Elon Musk Suspends Washington Post’s Taylor Lorenz From Twitter After She Asked Him for
Washington Post tech columnist Taylor Lorenz said her Twitter account was suspended Saturday after she tweeted a request for comment at Elon Musk, the tech mogul who is the social network’s new owner, on a story she was working on.
Lorenz’s Twitter account (@TaylorLorenz), which she activated in 2010, had more than 340,000 followers before it was suspended. “Earlier tonight, Elon Musk suspended my Twitter account,” she wrote on her Substack. “I received zero communication from the company on why I was suspended or what terms I violated.”
“Super crazy. Elon seems to banning anyone who disagrees with him,” Lorenz said in a TikTok video she shared Saturday evening. Lorenz had been tweeting from an alternate Twitter account, @nodreamsoflabor, before that was also banned.
Musk has not publicly commented on Twitter’s suspension of Lorenz. There was no response to a request for comment Variety emailed to Twitter’s PR mailbox.
Twitter’s ban of Lorenz, who has regularly reported on Twitter and Musk, comes after the mega-billionaire suspended the Twitter accounts of several journalists Thursday — alleging they had “doxxed” him, after some (but not all) had posted links to an account that tracked his private jet — before reinstating several of them on Friday night.
The disabling of Lorenz’s account, without any evident explanation, makes it appear that Musk, who has called himself a “free speech absolutist,” is now waging a campaign to keep information and commentary critical of him off the platform he bought for $44 billion.
In the Substack post, Lorenz said there were only three tweets live on her Twitter account when it was banned: two that promoted her profiles on TikTok and Instagram, and a third asking Musk for comment on a story involving Musk that she and WaPo colleague Drew Harwell (whose account was banned and then unbanned) have been working on.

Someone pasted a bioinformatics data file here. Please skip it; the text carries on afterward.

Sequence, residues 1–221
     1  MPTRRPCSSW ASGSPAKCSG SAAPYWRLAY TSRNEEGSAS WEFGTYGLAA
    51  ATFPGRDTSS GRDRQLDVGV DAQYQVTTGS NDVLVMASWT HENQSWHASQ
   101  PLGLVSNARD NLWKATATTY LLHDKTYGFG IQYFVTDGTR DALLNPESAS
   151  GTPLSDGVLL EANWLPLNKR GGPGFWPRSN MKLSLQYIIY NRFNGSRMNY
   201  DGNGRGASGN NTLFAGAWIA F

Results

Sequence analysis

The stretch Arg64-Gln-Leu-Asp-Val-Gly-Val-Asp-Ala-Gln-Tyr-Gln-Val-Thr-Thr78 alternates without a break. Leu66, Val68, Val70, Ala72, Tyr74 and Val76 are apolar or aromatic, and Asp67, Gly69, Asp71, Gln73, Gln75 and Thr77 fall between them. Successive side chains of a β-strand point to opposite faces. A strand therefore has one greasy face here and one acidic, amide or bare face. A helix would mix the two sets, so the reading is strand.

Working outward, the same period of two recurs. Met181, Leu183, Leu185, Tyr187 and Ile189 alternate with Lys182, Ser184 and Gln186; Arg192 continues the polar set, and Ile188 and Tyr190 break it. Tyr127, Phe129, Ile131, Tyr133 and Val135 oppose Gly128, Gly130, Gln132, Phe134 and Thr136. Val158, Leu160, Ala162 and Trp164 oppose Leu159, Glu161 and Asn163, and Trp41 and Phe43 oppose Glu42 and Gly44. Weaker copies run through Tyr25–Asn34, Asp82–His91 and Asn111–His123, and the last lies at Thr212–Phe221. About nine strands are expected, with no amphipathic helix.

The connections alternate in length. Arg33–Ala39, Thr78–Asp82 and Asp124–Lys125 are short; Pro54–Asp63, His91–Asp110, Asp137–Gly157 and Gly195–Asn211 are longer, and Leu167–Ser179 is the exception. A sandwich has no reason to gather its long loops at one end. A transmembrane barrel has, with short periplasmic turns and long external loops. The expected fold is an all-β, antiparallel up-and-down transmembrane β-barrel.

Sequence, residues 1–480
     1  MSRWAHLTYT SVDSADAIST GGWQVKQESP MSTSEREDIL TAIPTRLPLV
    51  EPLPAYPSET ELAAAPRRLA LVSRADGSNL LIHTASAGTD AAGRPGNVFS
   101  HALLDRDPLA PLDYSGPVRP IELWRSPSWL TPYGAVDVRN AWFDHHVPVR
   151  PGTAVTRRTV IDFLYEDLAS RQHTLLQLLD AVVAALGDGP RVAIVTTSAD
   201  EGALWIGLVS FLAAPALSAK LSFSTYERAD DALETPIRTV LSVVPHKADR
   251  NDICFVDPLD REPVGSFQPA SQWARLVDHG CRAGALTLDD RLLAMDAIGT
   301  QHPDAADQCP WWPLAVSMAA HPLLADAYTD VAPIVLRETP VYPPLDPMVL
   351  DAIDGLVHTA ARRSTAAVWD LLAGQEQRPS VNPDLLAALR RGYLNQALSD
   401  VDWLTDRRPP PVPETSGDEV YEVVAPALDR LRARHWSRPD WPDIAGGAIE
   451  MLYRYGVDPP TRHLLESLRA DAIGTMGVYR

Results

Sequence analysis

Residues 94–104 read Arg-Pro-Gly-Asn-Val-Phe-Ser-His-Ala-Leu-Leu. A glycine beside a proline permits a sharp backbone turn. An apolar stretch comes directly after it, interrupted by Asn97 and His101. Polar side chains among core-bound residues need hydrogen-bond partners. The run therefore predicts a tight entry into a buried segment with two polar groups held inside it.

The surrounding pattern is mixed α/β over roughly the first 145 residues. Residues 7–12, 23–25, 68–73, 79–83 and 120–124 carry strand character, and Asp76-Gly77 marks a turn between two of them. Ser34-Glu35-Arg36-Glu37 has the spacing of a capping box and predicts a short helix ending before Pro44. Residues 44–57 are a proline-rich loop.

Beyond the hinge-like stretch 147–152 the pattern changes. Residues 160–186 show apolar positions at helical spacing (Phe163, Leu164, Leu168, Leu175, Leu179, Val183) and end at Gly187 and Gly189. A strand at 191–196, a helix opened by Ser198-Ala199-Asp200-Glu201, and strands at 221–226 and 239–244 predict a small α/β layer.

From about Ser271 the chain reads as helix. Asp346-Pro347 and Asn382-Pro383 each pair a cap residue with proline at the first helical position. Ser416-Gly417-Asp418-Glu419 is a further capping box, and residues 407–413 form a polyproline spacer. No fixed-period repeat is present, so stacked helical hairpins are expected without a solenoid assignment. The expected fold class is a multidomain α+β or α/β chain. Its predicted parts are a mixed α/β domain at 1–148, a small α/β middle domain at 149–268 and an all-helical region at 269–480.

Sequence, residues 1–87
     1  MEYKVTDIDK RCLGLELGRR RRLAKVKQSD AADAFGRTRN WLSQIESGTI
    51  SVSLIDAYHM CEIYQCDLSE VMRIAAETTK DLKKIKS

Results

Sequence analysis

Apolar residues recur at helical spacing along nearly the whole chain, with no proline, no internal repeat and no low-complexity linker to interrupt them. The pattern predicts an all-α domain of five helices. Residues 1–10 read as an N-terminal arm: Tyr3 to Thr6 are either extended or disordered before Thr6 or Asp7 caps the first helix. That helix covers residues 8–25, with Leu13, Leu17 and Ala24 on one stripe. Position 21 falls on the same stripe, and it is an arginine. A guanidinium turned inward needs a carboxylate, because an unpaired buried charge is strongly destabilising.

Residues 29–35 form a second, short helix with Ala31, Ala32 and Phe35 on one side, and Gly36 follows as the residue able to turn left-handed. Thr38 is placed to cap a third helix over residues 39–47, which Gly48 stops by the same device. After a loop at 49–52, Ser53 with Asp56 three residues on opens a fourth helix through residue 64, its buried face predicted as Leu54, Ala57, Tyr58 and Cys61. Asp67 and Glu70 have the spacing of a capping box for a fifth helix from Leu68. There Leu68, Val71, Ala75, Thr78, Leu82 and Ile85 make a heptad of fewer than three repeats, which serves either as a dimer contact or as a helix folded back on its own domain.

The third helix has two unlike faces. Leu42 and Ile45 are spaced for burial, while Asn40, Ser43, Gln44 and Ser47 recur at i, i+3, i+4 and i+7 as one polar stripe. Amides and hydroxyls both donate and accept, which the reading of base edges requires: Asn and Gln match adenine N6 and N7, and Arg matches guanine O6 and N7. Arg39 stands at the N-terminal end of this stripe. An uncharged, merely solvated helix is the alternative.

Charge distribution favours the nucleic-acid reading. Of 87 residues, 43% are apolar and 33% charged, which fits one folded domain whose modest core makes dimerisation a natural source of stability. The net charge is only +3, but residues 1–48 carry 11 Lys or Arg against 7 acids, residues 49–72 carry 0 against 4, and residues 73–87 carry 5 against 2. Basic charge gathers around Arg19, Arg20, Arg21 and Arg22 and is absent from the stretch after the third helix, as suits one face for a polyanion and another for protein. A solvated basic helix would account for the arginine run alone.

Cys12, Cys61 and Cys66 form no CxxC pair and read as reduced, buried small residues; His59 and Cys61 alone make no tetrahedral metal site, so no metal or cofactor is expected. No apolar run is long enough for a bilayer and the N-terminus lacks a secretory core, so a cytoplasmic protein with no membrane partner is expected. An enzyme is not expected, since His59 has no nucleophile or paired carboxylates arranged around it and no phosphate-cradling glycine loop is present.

Lorenz did not provided details about what the story was about. Her tweet at Musk said in part, “We’ve learned some information that we’d like to share and discuss with you.”
At least two journalists Twitter banned and then unbanned this week, Aaron Rupar and Tony Webster, denied they posted any information that could be construed as “doxxing,” which refers to sharing someone’s private information online without their permission. “This is not the free speech we were promised,” Webster tweeted Friday night. “To be clear, there was no ‘doxing’ — even if an impulsive, accountable-to-nobody oligarch said so.”
Twitter is requiring some of the journalists it suspended to delete tweets that were deemed to violate Musk’s brand-new policy prohibiting sharing real-time location information (“regardless if this information is publicly available”). Podcaster and political commentator Keith Olbermann on Saturday posted from his Twitter dog-rescue account regarding the suspension of @keitholbermann, “I’ve been unbanned then time-banned then re-banned then banned until I delete a tweet you can’t see anyway… in the span of two hours. What a clown this @elonmusk snowflake is.”
Journalists whose Twitter accounts were suspended — and have not been reinstated — include Fox Business correspondent Susan Li (@susanlitv), who said in a segment on the network Friday she got booted from the social network after posting a link to an aircraft-tracking site to show how Musk’s private jet may be tracked using publicly available sources. Also still banned from Twitter as of Saturday was Insider’s Linette Lopez (@lopezlinette), who has reported on Musk and his companies for years. Lopez told the AP that shortly before her suspension, she had posted legal documents to Twitter that included an email address for Musk from 2018 but which Lopez said was not current.
On Friday, Rep. Adam Schiff (D-Calif.), currently chairman of the House Intelligence Committee, criticized Musk’s banning of journalists. “Elon Musk calls himself a free speech absolutist, to justify turning a blind eye to hatred and bigotry on Twitter. But when journalists report unfavorable news, they are banned without warning,” Schiff wrote in a tweet. “The devotion to free speech is apparently not that absolute. But the hypocrisy is.”
Musk replied to Schiff, “Thankfully, you lose your chairmanship very soon. Your brain is too small.”
On Instagram, Lorenz posted a photo of herself Saturday alongside New York Times reporter Ryan Mac, both posing with their hands over their mouths.